The next couple of posts are based on the work of James Fenton, an ecologist living in the Oban area who has worked in the Antarctic and the Falklands as well as the Scottish Highlands.
In a paper called: “Towards a New Paradigm for the ecology of the North and West of Scotland” he calls for two very different approaches to the management of the Scottish landscape (depending on topography).
One is the “nature reserve” approach: basically, a form of gardening. This is what we are doing at Ferry Wood.
At the moment we are still focussing on digging out the invasive rhododendron by hand. We think this to be worthwhile because the wood is an ancient semi-natural “core” oak woodland with mobile birchwoods round its edges, that have come and gone over time.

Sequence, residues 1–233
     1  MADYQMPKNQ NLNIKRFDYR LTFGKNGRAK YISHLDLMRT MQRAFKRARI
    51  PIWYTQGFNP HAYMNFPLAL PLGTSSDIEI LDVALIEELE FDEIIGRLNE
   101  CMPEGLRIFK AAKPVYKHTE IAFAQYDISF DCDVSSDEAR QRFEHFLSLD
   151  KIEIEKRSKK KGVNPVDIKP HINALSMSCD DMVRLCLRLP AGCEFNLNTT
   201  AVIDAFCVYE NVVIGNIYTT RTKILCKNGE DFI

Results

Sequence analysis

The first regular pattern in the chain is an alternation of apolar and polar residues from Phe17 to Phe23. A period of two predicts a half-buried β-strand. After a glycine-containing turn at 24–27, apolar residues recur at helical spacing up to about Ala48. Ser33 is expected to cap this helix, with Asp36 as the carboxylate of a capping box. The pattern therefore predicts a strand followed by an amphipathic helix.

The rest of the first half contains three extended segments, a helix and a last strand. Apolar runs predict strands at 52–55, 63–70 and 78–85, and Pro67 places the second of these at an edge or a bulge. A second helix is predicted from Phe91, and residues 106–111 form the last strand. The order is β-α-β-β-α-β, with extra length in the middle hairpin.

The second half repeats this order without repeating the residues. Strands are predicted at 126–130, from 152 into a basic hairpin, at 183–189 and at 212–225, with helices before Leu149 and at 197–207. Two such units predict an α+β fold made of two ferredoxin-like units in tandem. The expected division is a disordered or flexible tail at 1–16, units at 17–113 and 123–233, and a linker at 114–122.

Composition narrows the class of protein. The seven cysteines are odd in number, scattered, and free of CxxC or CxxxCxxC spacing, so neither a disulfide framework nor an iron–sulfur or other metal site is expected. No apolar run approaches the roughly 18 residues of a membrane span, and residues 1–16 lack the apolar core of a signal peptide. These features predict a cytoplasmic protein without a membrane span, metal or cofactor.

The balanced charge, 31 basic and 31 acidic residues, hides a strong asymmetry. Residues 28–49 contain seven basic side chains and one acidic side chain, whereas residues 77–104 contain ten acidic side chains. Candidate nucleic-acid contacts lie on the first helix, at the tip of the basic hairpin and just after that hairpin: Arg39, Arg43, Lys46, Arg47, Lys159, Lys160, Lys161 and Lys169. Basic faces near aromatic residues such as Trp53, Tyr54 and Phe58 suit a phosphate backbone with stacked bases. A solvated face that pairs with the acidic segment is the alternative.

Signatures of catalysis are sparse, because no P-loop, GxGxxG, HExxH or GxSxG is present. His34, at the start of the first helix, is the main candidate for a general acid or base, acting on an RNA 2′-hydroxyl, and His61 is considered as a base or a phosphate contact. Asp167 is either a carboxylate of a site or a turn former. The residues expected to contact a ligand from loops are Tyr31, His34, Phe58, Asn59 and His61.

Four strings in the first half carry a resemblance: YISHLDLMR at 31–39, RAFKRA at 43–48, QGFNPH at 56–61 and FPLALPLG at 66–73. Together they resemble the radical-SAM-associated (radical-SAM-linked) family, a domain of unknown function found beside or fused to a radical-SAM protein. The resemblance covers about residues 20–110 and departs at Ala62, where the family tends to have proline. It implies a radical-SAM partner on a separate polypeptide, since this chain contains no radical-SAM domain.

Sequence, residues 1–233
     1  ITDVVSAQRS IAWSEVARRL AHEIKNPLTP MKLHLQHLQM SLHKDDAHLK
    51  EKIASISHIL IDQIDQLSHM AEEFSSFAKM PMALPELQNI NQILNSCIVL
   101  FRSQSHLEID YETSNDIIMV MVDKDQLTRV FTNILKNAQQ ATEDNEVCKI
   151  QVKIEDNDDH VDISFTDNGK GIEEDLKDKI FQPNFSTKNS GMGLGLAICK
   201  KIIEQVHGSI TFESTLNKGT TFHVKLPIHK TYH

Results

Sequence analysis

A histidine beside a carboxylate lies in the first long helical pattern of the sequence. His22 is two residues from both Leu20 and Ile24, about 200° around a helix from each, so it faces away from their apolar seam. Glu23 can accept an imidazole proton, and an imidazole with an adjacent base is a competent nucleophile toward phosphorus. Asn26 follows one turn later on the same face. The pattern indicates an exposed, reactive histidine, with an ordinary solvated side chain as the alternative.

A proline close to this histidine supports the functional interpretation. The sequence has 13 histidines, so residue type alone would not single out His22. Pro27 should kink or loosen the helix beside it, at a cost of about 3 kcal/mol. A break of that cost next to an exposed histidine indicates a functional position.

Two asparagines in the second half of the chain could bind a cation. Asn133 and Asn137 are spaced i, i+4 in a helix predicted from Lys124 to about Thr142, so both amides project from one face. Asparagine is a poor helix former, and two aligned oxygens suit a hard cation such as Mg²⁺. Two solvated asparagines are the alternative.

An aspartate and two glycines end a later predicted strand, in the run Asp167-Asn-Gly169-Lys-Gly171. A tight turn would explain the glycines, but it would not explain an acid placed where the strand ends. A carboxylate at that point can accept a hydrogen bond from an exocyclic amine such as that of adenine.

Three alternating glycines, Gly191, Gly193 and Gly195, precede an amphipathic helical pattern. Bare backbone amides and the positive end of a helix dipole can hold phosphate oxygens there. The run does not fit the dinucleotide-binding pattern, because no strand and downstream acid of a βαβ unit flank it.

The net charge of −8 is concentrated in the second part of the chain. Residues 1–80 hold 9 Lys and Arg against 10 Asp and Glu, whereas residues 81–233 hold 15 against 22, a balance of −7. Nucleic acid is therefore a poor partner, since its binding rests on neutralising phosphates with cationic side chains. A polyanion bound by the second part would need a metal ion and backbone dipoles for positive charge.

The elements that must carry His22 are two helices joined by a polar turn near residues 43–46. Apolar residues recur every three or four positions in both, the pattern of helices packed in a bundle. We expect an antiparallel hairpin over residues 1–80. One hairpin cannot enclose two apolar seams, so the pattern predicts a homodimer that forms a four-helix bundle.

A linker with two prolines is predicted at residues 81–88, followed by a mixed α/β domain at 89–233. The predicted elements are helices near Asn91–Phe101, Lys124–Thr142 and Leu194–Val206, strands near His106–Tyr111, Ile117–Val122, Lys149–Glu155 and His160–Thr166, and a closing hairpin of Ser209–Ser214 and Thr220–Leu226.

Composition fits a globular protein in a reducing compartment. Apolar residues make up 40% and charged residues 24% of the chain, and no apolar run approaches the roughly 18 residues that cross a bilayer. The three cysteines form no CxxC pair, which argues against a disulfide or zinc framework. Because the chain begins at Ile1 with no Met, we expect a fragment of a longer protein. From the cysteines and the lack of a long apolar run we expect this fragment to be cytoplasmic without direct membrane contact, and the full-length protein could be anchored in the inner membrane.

This woodland is threatened by the rhododendron, which casts a dense shade and – if left unchecked – would eventually dominate the whole woodland and cause both oak and birch to die out. It would also smother most of the rare Lower Plants that make it a fragment of Celtic rainforest.
The wood is surrounded by farmland and plantations, so needs protection from sheep and cattle, which, combined with the wild deer population, would cause overgrazing.
Ferry Wood is located in the coastal woodlands. Behind it the land rises to over 300 metres – and here Fenton argues for a totally different approach. This will be looked at in the next post.